Inflammation: A new candidate in modulating adult neurogenesis

Sulagna Das, Anirban Basu

Research output: Contribution to journalReview articlepeer-review

177 Scopus citations

Abstract

Any pathological perturbation to the brain provokes a cascade of molecular and cellular events, which manifests in the form of microglial activation and release of various proinflammatory molecules. This eventually culminates in a profound neuroinflammatory reaction that characterizes the brain's response to stress, injury, or infection. The inflammatory cascade is an attempt by the system to eliminate the challenge imposed on the brain, clear the system of the dead and damaged neurons, and rescue the normal functioning of this vital organ. However, during the process of microglial activation, the proinflammatory mediators released exert certain detrimental effects, and neural stem cells and progenitor cells are likely to be affected. Here we review how the proliferation, maturation, and migration of the neural stem cells are modulated under such an inflammatory condition. The fate of the noncommitted neural stem cells and its differentiation potency are often under strict regulation, and these proinflammatory mediators seem to disrupt this critical balance and finely tune the neurogenesis pattern in the two niches of neurogenesis, the subventricular zone and the subgranular zone of the hippocampus. Moreover, the migration ability of these stem cells, which is important for localization to the proper site, is also affected in a major way by the chemokines released following inflammation.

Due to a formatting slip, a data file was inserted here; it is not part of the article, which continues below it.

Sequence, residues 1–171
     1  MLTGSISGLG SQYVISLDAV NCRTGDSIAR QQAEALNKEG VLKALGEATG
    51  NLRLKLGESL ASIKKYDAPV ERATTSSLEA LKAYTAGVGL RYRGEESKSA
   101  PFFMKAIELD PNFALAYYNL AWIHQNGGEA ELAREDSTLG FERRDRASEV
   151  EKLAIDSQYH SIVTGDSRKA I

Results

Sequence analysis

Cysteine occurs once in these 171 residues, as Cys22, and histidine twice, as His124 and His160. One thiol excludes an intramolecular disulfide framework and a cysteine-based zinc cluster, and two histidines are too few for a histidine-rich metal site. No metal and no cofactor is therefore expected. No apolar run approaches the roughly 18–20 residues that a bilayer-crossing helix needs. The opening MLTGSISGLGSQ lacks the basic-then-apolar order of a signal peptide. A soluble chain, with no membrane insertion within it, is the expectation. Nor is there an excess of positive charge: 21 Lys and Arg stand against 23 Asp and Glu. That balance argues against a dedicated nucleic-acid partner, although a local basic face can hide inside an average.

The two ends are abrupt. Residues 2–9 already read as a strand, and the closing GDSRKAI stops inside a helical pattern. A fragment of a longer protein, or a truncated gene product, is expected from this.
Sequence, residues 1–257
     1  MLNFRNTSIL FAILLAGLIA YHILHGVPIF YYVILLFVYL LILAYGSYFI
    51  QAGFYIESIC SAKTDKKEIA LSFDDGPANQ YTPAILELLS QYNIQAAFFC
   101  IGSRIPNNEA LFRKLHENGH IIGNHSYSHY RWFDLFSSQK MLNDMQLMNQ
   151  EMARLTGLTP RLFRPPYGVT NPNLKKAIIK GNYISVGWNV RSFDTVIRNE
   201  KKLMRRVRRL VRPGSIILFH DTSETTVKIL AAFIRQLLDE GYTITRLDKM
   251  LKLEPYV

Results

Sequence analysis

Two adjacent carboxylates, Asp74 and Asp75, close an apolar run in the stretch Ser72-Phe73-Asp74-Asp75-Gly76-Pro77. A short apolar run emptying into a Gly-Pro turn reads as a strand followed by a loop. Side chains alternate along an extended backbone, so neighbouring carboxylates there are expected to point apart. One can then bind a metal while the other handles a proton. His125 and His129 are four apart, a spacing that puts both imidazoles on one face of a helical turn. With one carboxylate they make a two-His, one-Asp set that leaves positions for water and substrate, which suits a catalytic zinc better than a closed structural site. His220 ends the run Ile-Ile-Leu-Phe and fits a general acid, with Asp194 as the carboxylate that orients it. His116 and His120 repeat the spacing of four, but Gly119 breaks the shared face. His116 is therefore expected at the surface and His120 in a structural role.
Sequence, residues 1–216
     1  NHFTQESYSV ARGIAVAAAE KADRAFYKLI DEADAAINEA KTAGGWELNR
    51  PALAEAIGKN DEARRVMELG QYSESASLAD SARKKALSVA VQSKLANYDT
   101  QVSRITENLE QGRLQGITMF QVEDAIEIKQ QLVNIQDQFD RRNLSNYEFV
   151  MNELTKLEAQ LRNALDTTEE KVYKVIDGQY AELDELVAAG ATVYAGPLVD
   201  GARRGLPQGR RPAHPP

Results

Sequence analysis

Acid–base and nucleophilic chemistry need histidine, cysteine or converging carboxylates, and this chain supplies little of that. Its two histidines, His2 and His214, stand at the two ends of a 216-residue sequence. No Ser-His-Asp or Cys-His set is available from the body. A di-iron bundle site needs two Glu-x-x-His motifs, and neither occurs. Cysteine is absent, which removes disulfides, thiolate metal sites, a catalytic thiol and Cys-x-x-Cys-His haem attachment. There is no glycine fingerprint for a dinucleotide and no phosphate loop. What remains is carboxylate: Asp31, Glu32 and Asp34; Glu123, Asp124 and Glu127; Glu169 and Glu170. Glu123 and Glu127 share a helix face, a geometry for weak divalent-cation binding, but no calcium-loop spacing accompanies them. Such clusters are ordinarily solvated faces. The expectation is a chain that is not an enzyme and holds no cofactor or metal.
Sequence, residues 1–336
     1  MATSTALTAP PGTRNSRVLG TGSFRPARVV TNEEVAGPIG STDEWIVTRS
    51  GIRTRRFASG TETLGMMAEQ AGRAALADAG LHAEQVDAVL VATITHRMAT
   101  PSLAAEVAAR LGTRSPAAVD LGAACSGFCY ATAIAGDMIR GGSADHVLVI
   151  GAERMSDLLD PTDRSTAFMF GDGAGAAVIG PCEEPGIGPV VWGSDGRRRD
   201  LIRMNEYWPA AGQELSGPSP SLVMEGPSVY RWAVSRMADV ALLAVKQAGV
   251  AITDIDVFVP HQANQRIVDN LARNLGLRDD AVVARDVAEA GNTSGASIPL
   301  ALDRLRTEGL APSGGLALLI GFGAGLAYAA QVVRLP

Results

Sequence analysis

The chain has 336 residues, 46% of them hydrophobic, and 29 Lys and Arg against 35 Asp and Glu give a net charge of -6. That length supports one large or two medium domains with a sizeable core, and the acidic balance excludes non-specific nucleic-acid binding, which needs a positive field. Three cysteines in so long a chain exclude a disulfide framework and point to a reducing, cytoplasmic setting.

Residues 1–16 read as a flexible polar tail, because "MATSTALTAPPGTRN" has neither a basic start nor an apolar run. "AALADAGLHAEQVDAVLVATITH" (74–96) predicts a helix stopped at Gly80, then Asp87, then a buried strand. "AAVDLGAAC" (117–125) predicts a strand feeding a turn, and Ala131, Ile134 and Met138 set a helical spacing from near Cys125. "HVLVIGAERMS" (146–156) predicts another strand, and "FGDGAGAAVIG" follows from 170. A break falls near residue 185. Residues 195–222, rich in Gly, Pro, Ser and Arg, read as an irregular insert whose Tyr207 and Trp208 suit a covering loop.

Original languageEnglish (US)
Pages (from-to)1199-1208
Number of pages10
JournalJournal of Neuroscience Research
Volume86
Issue number6
DOIs
StatePublished - May 1 2008
Externally publishedYes

Keywords

  • Chemokines
  • Cytokines
  • Inflammation
  • Microglia
  • Neural stem/progenitor cells

ASJC Scopus subject areas

  • Cellular and Molecular Neuroscience

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